If you have recently changed your vehicle’s engine oil, you probably expect the car to run a lot smoother. If you feel stronger vibrations at idle or while driving after the oil change, something is most likely done wrong in the oil change process.
Causes of Vibrations after an Oil Change Service
Below I will discuss some of the most likely causes of these engine vibrations, especially after an engine oil change service.
1. Too Much Oil
One of the most probable causes of a shaky engine after an oil change is adding too much engine oil past the upper limit.
Adding too much oil to your car’s engine causes your crankshaft to dip inside the oil and form froth when running at high RPMs.
These air bubbles do not allow the oil to form a uniform thin layer over the rubbing bodies properly and introduce instability in the system.
This results in increased vibrations from the engine bay, which can feel from the cabin.
Draining the oil in a rush can cause some of the old oil to remain inside the engine. And when new oil is added, even in the recommended quantity, the oil level surpasses the maximum recommended limit.
Always make sure all of the old oil has been drained entirely before pouring the new one.
2. Disconnected Sensor
It can happen quite often that you accidentally disconnect a sensor while performing an oil change service. Or disconnect a sensor for cleaning purposes and forget to install it back on.
This can cause the engine to vibrate or shake more than usual due to several factors. Incorrect air/fuel ratio or incorrectly installed spark plugs can cause instability and lead to heavy vibrations from the engine.
3. Not Enough Oil
Adding too little oil can also lead to heavy vibrations from the engine. The lack of sufficient lubricant can lead to misfiring, increased temperatures, and premature wear of the engine components.
This can cause the engine vibrations to feel much more than regular.
An inadequate amount of oil in the engine can lead to the failure of several components inside the engine due to increased friction and wear.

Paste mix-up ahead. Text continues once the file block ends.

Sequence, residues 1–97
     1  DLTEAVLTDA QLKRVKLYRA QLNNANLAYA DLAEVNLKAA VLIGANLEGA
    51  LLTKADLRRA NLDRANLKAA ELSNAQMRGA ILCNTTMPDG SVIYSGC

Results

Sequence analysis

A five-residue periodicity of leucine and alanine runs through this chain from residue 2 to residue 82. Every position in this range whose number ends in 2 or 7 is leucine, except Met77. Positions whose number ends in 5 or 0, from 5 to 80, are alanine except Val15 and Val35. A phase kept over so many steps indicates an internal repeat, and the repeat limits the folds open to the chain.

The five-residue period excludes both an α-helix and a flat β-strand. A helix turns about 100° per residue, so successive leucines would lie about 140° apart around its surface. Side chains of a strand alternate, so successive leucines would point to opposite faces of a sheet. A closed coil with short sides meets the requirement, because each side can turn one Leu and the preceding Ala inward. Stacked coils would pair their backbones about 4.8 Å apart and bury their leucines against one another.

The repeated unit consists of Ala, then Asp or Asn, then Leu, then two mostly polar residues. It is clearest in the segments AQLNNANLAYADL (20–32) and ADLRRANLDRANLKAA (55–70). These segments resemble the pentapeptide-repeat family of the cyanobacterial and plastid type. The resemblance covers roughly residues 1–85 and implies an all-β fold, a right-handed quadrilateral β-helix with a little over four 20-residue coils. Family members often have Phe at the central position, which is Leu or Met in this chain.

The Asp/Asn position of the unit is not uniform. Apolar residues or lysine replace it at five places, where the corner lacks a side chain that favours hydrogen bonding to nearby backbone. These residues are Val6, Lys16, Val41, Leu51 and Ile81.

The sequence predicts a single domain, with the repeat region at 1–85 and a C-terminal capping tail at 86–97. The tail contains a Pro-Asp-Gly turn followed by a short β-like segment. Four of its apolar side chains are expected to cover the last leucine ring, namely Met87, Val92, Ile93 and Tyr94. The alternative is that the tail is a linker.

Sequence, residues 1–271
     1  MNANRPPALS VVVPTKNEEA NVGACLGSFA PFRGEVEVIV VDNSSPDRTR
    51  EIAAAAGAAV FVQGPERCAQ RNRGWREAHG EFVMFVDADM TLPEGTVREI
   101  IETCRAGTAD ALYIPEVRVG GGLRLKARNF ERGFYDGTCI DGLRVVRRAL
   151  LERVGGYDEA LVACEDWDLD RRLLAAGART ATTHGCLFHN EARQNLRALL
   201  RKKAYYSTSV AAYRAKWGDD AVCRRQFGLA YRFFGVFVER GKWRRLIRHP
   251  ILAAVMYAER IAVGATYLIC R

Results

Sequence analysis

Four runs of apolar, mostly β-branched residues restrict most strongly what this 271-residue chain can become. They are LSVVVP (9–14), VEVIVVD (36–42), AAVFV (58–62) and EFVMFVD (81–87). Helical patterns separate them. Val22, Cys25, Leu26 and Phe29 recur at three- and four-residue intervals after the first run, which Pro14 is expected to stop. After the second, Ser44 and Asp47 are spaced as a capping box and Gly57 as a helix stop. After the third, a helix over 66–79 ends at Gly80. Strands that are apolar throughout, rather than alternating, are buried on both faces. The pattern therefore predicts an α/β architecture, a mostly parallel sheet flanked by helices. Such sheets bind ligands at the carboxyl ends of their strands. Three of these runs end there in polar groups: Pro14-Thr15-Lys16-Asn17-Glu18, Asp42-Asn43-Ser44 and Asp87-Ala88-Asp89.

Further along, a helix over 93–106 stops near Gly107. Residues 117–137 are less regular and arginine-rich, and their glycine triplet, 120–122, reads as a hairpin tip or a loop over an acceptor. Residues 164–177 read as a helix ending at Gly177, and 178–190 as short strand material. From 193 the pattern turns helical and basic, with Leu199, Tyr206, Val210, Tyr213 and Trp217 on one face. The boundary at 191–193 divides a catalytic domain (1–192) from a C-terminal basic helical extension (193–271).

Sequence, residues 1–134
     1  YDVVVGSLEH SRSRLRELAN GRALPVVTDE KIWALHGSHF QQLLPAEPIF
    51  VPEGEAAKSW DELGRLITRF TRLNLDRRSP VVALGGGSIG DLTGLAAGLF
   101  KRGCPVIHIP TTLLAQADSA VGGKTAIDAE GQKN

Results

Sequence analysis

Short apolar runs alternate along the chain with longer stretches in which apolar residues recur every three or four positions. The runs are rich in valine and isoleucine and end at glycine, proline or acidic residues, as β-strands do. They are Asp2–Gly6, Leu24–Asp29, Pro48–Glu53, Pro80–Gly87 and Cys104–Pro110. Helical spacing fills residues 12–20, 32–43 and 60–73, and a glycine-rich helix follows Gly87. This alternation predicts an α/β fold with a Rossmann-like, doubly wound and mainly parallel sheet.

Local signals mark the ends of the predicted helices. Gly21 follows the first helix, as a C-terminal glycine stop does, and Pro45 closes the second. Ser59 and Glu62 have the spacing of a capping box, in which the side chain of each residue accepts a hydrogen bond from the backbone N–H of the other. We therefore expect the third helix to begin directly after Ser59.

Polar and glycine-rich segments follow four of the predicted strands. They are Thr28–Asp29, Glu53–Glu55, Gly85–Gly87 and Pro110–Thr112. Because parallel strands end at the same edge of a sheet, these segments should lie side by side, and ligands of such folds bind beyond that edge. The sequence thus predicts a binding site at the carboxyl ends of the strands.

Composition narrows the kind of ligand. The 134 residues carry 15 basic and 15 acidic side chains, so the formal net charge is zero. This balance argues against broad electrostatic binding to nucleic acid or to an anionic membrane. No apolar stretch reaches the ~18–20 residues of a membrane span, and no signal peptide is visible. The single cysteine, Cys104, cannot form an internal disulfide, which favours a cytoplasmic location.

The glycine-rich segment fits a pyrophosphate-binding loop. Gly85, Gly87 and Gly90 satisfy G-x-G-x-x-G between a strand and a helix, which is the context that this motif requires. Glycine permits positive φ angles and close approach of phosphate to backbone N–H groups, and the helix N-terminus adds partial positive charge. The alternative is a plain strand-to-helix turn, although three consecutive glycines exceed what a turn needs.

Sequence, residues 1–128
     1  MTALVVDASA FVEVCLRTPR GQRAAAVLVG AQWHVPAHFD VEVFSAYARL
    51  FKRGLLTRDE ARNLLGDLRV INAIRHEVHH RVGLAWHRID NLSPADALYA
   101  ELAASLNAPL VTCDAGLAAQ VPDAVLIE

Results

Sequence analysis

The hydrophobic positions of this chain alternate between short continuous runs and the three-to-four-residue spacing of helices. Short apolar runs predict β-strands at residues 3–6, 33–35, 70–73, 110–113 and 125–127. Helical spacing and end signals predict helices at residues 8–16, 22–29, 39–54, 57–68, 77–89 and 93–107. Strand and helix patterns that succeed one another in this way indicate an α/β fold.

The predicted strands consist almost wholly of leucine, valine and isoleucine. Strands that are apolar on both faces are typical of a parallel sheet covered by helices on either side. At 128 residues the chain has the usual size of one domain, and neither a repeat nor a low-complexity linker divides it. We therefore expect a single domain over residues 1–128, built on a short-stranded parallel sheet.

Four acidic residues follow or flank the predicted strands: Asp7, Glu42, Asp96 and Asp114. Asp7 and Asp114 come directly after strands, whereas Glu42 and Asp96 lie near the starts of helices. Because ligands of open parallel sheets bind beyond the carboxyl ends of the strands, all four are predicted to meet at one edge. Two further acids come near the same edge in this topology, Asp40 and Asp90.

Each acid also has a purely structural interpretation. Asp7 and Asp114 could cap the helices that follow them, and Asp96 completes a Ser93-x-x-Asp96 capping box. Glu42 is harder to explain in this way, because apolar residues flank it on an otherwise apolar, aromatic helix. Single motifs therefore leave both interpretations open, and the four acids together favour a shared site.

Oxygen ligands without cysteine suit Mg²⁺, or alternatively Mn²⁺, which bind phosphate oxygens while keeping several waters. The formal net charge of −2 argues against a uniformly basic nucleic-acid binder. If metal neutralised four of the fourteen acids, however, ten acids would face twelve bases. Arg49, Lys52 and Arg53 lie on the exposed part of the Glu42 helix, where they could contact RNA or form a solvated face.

Always ensure the oil drain bolt is tightened correctly along with the new oil filter before pouring in the new engine oil.
4. Choked Air filter
Although it might sound quite dumb, some people forget to remove the packaging on the air filter while installing a new one on the oil change service.
This can lead to engine choking, which can cause the engine to idle poorly after service and vibrate heavily.
5. Wrong Oil
Adding the wrong oil grade or a substandard oil can also lead to vibrations in the cabin after an oil change.
Using thinner oil than what is recommended by the manufacturer can result in a lack of lubricant in between the moving parts, leading to a rough idle and vibrations.
What should you do if you get rough vibrations after an oil change?
1. Check Oil Level
Park your vehicle on a level road and turn off the engine. Let the oil settle down for 30-40 mins or overnight.
Using the dipstick, check the oil level by first cleaning the dipstick with a towel and inserting it back inside.
Take the dipstick out and read the oil level on the stick. The minimum and maximum recommended engine oil levels are mentioned on the dipstick with a hole or a cutout (refer to the vehicle’s owner manual for vehicle-specific instructions).
The oil level should be anywhere in between the upper and lower level mentioned on the dipstick.